Sometimes I feel as if I'm shooting the same picture over and over again. I go out on a bright sunny day and the minute I see some sort of geometric interplay between light and shadow I get all excited. I do all I can to position myself in such a way that everything seems to fall into place so well that you can't imagine any element being anywhere other than exactly where it is. If a human being is part of the composition, so much the better.
I could shoot like this for days on end. Given the opportunity, I would. I also think nothing of loitering around a particular scene for minutes at a time, waiting for the light to be just right or for someone with just the right colored clothing to walk past. Sometimes I'm lucky and get the shot I'm waiting for, sometimes I'm not. I'll tell you this: I'm lucky often enough to believe the adage that good luck favors the prepared.
To some this qualifies as borderline obsessive behavior. To me it's a sign I'm on the right track. I've learned over the years that talent is all well and good, but if you want to excel at something you've got to give it all you've got; live it and breath it; understand it to an extent that "normal" people find strange; practice it to the degree that you make it look easy when in fact it is anything but. You learn to swim in a pool that may not be all that large, but is as deep as you want it to be.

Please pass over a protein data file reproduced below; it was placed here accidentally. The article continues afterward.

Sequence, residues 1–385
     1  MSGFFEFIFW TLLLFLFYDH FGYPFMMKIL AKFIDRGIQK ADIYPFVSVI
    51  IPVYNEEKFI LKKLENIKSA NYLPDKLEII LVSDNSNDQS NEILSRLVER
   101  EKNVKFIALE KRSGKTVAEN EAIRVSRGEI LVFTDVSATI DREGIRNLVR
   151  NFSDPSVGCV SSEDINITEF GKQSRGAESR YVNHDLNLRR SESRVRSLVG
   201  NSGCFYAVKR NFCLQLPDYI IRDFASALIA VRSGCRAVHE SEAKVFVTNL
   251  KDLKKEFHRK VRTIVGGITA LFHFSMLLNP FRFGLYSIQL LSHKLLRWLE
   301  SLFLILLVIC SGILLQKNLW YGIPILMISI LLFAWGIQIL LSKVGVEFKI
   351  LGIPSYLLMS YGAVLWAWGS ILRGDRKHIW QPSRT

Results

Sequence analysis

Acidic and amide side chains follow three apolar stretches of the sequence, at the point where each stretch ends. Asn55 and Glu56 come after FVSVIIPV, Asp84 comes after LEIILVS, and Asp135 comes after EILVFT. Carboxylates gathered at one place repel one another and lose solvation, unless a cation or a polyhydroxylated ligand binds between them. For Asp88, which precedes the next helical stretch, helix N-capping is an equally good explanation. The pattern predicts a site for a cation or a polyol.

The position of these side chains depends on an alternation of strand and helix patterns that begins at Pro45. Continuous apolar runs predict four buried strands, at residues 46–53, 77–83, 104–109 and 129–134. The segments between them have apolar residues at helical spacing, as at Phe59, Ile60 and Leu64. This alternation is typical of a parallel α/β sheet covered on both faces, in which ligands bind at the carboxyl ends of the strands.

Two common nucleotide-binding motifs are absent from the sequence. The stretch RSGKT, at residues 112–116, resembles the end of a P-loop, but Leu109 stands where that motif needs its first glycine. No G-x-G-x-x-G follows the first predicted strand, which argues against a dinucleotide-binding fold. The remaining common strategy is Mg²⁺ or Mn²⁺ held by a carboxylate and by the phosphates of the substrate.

There's contrast in this photo too, but in this case the contrast is less about the bars in the background and more between the clothed, burly male in the foreground and the nude woman in the background. Once again, this theme is often repeated in my work.
If you want evidence, consider Ansel Adams and his western landscapes, Ralph Gibson's dreamscapes, Arnold Newman's portraits, Henri Cartier-Bresson's street photos, Elliot Erwitt's dogs, Diane Arbus' misfits... I could on like this for paragraphs. I'm sure I don't have to. Just consider this: For all their photos you've seen and are familiar with, they have hundreds more just like them that were almost-but-not-quite-good-enough for publication.
(By the way, this is why I have sympathy for photographers who can't seem to bring themselves to trash their borderline photos and instead they save them in the hope of future discovery and rescue. Obsessions aren't something you can simply switch on and off. At best they lie dormant, waiting for just the right spark to set them ablaze.)
So the question I'd like to ask in today's post is this: What's your obsession? What moves you to pick up your camera and venture forth, either into the world or into your studio? If you're lucky, it's something so characteristic of you that if someone familiar with you work was to see it, he or she would say, "I know exactly who took this picture."